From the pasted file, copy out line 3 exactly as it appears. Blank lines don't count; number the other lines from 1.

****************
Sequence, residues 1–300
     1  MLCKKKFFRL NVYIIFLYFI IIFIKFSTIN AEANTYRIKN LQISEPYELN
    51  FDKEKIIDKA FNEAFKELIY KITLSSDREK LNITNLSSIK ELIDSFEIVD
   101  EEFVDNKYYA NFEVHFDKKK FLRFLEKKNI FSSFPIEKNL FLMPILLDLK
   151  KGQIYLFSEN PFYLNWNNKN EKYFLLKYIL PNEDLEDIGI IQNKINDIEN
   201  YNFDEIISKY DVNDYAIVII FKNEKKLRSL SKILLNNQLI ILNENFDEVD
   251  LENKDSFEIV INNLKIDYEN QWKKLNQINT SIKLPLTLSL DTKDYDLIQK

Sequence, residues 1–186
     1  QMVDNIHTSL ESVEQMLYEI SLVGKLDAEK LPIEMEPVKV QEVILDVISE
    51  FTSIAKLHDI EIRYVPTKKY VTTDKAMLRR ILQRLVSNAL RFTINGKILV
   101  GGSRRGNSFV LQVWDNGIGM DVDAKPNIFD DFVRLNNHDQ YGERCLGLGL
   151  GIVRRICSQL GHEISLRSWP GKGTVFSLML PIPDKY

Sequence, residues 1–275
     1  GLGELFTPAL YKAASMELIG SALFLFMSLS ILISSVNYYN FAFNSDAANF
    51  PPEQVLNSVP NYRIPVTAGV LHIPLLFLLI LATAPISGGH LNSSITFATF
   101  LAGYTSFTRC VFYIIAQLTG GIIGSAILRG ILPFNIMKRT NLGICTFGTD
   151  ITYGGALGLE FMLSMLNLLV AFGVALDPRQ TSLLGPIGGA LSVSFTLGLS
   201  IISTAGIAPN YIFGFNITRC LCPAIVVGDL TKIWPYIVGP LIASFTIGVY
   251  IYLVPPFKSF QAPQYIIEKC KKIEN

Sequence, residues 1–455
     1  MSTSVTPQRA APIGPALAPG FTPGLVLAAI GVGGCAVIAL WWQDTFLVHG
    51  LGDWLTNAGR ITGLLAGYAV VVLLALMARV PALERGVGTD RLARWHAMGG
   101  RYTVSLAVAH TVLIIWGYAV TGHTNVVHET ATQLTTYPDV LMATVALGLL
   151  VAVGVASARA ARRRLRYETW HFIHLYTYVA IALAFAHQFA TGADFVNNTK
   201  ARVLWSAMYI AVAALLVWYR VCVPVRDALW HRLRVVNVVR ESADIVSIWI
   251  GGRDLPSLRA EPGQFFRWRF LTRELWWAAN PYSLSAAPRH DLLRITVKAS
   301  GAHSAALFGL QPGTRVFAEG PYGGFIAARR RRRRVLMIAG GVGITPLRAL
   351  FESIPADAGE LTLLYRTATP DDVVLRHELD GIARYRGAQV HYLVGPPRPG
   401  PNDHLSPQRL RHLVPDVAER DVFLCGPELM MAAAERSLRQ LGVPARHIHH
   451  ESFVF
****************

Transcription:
    51  FDKEKIIDKA FNEAFKELIY KITLSSDREK LNITNLSSIK ELIDSFEIVD